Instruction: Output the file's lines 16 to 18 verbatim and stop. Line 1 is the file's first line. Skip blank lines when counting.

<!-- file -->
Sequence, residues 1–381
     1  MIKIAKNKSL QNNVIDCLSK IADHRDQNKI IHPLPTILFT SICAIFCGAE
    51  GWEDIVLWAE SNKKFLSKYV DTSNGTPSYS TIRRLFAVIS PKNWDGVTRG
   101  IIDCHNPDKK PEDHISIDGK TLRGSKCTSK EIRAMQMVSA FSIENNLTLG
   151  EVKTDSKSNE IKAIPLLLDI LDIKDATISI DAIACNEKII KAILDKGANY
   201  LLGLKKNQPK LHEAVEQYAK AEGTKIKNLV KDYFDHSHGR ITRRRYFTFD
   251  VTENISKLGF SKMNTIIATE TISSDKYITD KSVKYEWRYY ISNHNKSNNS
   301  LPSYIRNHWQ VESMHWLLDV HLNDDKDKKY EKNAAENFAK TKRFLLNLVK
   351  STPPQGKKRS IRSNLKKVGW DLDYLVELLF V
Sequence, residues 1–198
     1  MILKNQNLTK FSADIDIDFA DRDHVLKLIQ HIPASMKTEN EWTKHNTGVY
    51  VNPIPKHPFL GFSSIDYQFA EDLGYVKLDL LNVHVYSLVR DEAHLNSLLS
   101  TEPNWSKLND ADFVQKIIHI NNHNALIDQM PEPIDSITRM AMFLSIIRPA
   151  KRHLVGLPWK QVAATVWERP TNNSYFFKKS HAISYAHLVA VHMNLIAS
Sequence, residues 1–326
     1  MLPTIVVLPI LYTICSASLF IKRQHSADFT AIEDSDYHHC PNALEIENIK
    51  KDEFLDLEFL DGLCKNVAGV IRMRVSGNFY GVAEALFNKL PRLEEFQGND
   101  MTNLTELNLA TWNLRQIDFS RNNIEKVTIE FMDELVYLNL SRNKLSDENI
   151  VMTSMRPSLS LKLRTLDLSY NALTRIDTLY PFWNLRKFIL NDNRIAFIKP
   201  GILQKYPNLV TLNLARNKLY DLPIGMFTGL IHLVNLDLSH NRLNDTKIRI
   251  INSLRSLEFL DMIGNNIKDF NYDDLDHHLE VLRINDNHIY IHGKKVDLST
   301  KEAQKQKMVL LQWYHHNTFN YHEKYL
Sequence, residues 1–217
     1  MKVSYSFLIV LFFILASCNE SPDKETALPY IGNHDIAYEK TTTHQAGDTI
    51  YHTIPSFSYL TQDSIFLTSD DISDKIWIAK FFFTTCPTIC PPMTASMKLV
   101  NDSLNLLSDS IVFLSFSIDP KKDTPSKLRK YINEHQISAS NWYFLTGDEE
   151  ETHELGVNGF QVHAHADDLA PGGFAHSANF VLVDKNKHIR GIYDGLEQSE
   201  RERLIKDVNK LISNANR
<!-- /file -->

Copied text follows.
     1  MLPTIVVLPI LYTICSASLF IKRQHSADFT AIEDSDYHHC PNALEIENIK
    51  KDEFLDLEFL DGLCKNVAGV IRMRVSGNFY GVAEALFNKL PRLEEFQGND
   101  MTNLTELNLA TWNLRQIDFS RNNIEKVTIE FMDELVYLNL SRNKLSDENI